What a financial tailspin may mean for you and me

Wall Street plummeted as concerns over European debt and the US economic downturn spurred a broad sell-off. Photograph: Shen Hong/Xinhua Press/Corbis

Read my article from Guardian Cif, Friday 19th August:

As bank shares and stock markets plummet, and investors flock to the safety of government bonds; as obstinate EU leaders crucify their countries in a futile struggle to defend today’s equivalent of the gold standard; as British and American politicians adopt austerity policies and drive their economies closer to the cliffs of depression; and as most professional economists stand aloof from the escalating crisis – what lies ahead for ordinary punters like you and me?

First, let’s take look at the big political picture. This crisis is already sharpening the divide between left and right in both the EU and the United States. Studying a precedent – the implosion of the 1920s credit bubble in 1929 – we note that four years after that crisis erupted, the political divide sharpened decisively. The United States and Britain moved to the left. Germany chose a different path. After 1930, Germany’s Centre party under Chancellor Brüning adopted austerity policies that resulted in cuts in welfare benefits and wages, while credit was tightened. At the same time the German government engaged in wildly excessive borrowing from the liberalised international capital markets. The ground was laid for the rise of fascism.

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Is the banking system broke, as well as broken?

Much of the news of the last few weeks –

… can be explained by the  need for banks to urgently raise money to fix their balance sheets. Unfortunately their activities are akin to the little Dutch boy with his finger in the dyke. Just as they raise funds from e.g. commodity speculation to shore up balance sheets, those funds may be drained from some other part of the bank by e.g. a rise  in mortgage defaults or company bankruptcies as economic activity stalls, house prices fall,  foreclosures are held up by legal arguments, and the over-borrowed fail to repay.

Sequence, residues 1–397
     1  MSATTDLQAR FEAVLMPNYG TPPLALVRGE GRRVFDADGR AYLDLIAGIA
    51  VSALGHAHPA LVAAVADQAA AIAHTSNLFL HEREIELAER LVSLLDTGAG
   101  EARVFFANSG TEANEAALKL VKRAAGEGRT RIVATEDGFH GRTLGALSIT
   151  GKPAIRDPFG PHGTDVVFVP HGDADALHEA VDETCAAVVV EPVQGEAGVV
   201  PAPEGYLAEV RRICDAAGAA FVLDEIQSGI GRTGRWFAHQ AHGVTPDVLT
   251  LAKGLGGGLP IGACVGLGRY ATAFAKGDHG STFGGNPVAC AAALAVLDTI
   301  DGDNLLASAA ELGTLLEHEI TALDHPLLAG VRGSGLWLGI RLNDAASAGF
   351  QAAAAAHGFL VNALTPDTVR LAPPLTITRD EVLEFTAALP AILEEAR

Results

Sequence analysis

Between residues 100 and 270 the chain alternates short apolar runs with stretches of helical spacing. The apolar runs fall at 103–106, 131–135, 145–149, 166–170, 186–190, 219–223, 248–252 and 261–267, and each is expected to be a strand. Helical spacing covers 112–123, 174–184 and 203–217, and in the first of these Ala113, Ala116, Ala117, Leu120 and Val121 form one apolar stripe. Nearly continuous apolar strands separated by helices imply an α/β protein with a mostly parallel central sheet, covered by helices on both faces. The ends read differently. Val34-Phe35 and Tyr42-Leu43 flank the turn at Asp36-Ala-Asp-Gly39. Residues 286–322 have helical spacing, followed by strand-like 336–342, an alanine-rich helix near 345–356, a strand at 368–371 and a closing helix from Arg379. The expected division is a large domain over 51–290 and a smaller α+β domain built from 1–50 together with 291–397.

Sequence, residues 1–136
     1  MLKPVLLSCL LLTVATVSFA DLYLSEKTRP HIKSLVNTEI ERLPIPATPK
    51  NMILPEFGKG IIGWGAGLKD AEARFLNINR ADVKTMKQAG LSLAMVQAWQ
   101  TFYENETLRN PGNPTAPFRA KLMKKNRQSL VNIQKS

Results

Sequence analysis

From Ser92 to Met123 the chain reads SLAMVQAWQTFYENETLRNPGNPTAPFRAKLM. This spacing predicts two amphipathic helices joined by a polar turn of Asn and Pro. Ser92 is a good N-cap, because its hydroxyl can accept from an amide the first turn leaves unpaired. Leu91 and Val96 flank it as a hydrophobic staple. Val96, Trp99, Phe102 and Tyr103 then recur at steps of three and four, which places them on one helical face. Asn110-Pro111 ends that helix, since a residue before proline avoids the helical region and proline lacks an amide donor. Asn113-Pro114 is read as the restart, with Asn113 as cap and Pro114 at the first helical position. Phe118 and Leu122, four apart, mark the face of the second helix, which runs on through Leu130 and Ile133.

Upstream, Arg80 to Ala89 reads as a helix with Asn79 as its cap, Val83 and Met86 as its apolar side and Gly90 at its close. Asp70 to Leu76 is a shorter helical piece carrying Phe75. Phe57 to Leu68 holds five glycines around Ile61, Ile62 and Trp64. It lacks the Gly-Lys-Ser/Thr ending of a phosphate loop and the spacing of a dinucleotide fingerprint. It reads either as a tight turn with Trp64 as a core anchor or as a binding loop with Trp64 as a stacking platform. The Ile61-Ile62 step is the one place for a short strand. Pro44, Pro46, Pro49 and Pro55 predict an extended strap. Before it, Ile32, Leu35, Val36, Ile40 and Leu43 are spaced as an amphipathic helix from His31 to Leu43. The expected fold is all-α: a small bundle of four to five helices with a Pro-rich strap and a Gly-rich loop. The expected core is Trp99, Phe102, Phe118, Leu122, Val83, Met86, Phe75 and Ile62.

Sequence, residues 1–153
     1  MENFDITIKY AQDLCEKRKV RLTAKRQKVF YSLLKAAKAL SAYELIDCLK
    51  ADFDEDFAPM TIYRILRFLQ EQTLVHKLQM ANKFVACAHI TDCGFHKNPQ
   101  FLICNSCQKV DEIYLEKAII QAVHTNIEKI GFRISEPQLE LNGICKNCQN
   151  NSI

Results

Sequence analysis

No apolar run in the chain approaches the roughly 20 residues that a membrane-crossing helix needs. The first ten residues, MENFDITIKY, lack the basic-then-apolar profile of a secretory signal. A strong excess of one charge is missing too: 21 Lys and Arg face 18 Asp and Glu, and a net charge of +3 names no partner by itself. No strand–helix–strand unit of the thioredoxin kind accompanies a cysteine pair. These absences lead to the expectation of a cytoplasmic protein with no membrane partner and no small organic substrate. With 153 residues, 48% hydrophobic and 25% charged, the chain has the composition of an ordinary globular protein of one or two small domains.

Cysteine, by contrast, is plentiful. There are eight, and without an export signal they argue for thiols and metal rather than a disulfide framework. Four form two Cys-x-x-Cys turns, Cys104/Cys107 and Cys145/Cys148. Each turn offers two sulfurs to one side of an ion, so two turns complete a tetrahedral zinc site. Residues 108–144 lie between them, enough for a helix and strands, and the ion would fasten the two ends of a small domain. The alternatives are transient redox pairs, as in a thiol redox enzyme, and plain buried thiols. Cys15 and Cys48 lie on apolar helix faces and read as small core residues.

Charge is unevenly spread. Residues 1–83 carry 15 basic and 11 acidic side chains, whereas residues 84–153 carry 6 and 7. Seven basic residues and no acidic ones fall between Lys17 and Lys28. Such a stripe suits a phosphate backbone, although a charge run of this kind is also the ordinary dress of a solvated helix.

This explains why the banking system may be broke, as well as broken.

Faux optimism & flawed economics

December 1st, 2009

There was much huffing and puffing by the cheerleaders for premature economic recovery when the Office for National Statistics revealed that the UK was still in recession last week. These same ‘pied pipers’ tried to discredit the ONS’s previous factual announcements. Now the CBI has reported an ‘unexpected’ dip in sales in the service sector and then there was a ‘surprise’ dip in manufacturing during November.

No surprise to those of us living in the real world – with no vested interest in talking up stocks and shares.

And no surprise to those of us watching thousands of jobs disappear as companies as varied as Borders, First Quench (Threshers and other drinks outlets) and General Motors in Luton – cut back, or close down.

And no surprise to the millions of workers whose compensation has fallen for five straight quarters on an annual basis.  I am grateful to Graham Turner of GFC Economics for the chart below – and strongly recommend his latest book ‘No Way to Run an Economy’

No way to run an economy

Ann Pettifor: September 24, 2009

As world leaders meet in Pittsburgh and then Istanbul (for the World Bank and IMF meetings) expect much self-congratulation and back-slapping for having got the world through the post-Lehman crisis.

But behind the cacophony of self-praise, watch out for three alarms flashing red:

  • The escalating foreclosure and rising mortgage delinquency rates in the US
  • The dramatic contraction of credit in the US over the summer – putting paid to any hope of the US acting as the ‘engine’ of a global recovery
  • That big accident waiting to happen to the European economies –Spain

With the help of a great new book – about to be published in the US – let’s take a look at why there is no room for complacency.

No way to run an economy” (Pluto Press, 2009) is by a man whose research and analyses I have come to respect and rely upon – Graham Turner of GFC economics. While the book is full of solid facts and data – it is eminently readable for those prepared to unleash their inner wonk.

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